Amsterdam Airport Schiphol’s Cargo Community continues during the Covid-19 outbreak
Amsterdam Airport Schiphol’s air cargo community is cooperating and collaborating to meet changing demand due to the Covid-19 pandemic.
Airlines, handlers, hauliers, freight forwarders, Customs and other supply chain partners operating at Schiphol are working more closely than ever before to keep the cargo moving and to ensure the health and safety of our staff working in the supply chain.
“We have a strong air cargo community and are proud to see how the supply chain has worked together to ensure the cargo keeps on moving, even more than usual. For example, the Customs authorities are fully cooperating to clear important shipments quickly,” said Maaike van der Windt, Head of Aviation Marketing, Cargo and Customer Experience at Amsterdam Airport Schiphol.
Since the pandemic started in mid-March, daily air traffic movements into Schiphol have declined 90 per cent to 4,242 (41,892 in April 2019) and the daily total number of passengers have fallen by 98 per cent compared to last year to 126,877 compared to 6.1 million in April 2019.
The recent Cargo numbers of the month April show an increase in Full Freight ATMs of 63 per cent resulting in 1,837 cargo flights. Cargo volumes in April of 93,255 decreased with 26 per cent compared to April last year.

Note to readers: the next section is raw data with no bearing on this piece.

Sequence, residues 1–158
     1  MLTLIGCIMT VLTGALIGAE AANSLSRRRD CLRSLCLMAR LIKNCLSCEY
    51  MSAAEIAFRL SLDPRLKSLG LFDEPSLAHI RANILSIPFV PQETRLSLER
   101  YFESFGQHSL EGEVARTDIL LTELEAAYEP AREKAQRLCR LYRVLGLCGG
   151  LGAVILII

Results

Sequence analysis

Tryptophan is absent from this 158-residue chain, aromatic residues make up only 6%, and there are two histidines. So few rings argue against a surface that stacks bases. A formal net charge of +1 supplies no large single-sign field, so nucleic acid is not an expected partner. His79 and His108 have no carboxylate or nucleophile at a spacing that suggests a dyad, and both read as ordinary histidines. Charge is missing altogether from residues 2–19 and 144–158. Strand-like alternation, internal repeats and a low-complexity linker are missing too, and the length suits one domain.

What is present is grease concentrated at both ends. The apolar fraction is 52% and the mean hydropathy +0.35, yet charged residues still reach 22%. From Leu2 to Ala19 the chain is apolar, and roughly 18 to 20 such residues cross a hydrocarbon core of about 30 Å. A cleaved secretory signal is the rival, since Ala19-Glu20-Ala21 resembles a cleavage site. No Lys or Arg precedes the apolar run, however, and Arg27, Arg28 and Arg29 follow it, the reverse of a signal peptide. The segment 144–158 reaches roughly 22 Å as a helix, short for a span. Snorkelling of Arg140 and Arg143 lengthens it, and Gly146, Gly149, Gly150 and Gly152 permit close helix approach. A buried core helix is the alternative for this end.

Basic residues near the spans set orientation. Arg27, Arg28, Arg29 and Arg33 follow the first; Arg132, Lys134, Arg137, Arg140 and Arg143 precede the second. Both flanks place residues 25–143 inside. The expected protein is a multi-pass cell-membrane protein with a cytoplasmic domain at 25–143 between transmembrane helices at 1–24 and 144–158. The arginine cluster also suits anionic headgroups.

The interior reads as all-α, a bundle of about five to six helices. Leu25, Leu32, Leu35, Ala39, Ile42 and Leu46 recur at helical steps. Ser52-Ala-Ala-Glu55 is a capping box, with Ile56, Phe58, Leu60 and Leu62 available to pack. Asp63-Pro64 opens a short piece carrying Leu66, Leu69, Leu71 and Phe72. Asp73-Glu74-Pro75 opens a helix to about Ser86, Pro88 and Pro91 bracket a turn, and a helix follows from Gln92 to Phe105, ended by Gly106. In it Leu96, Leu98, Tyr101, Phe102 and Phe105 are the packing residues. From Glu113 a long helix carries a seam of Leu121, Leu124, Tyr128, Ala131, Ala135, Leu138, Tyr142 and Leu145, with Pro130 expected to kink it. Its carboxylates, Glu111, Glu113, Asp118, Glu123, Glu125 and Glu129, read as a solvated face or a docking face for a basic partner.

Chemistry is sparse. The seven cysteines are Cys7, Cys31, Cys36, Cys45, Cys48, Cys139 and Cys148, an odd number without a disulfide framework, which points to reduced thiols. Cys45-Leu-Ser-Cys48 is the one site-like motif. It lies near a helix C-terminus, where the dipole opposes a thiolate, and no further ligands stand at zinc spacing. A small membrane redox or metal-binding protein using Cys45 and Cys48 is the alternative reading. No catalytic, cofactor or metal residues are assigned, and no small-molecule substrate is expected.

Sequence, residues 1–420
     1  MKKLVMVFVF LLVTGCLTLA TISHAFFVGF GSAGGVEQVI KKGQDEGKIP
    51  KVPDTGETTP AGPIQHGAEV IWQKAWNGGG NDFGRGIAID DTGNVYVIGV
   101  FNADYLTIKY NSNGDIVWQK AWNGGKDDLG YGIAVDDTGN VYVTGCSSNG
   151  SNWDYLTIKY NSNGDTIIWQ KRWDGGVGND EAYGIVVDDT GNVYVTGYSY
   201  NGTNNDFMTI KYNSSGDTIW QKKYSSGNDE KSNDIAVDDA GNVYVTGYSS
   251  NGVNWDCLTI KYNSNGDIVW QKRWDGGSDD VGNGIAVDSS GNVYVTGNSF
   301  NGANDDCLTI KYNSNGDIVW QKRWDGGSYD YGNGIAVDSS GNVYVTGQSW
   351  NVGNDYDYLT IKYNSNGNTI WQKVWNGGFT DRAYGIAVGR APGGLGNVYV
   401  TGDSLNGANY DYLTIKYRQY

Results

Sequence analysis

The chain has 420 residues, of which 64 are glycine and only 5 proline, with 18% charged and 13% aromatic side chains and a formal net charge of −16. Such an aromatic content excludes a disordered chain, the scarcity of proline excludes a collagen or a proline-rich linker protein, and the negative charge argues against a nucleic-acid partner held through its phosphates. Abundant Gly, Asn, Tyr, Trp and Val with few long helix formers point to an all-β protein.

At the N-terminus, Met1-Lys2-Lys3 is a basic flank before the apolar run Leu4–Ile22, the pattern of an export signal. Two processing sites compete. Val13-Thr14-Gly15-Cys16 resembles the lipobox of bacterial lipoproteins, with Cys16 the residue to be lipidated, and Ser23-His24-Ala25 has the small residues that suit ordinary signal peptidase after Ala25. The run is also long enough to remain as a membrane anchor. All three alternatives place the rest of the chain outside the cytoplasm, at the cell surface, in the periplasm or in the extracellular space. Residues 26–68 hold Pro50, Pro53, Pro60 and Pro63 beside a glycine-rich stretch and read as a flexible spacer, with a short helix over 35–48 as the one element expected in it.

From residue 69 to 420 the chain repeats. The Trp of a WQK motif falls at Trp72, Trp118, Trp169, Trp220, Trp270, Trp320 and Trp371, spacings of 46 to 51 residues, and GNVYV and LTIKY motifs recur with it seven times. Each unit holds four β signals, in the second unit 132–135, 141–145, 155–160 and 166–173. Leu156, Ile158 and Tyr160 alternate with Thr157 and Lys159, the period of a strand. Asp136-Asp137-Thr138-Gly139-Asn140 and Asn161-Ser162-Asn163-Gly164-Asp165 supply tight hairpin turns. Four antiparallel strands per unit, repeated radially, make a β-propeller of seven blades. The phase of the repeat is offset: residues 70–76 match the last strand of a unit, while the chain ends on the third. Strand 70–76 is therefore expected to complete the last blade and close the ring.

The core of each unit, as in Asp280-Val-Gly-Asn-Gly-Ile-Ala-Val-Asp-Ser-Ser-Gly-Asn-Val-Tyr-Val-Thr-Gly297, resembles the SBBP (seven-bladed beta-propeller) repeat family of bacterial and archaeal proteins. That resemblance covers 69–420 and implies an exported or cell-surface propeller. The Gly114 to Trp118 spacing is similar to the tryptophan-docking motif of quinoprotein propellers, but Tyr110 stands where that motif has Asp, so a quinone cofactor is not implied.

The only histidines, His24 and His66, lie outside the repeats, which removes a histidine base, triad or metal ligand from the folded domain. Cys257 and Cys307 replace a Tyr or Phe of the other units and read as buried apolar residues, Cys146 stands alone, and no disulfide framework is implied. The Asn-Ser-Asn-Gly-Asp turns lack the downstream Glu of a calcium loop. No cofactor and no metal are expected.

There has also been an increase in the number of freight charters while passenger planes loaded with cargo are also being operated and represent about 10 per cent of the extra flights being flown.
In conclusion, Schiphol records lower cargo volume in comparison to previous year. The increase of Full Freighter flights doesn’t compensate for loss of belly cargo.
Changing cargo flows
The Covid-19 pandemic has led to a shift in cargo flows at Schiphol and some usually high-volume verticals have decreased such as the import and export of flowers.
Since the Covid-19 outbreak, there has been an increase in the movement of medical goods and aircraft have been arriving loaded with bandages, mouth masks, glasses and gloves to help with the Netherlands and Europe’s fight against the virus.
Normally these are not time-critical goods and are transported by sea freight, but shipments are being diverted to air freight as faster delivery is needed to meet strong and quick demand.
“Freight is very crucial at the moment to ensure all medical and other urgent goods can be delivered on time,” said van der Windt.
Schiphol’s main focus is making sure that the current skeleton network is maintained, and freight demand accommodated, especially medical supplies. To ensure this, the airport is in contact with partners on a daily basis.
The outlook for the future at Schiphol is uncertain due to constantly changing developments in the Covid-19 pandemic, but cargo and passenger flows and our well-connected community and strong spirit will remain vital throughout the crisis and Schiphol is ready to accommodate increased demand when needed.